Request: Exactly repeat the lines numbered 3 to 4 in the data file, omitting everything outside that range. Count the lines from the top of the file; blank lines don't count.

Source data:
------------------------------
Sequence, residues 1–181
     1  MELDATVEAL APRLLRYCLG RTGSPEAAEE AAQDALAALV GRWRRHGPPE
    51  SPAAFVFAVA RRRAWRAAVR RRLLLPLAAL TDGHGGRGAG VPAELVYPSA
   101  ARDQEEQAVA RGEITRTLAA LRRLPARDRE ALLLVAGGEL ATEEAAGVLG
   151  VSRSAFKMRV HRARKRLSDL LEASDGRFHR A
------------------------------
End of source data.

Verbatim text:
    51  SPAAFVFAVA RRRAWRAAVR RRLLLPLAAL TDGHGGRGAG VPAELVYPSA
   101  ARDQEEQAVA RGEITRTLAA LRRLPARDRE ALLLVAGGEL ATEEAAGVLG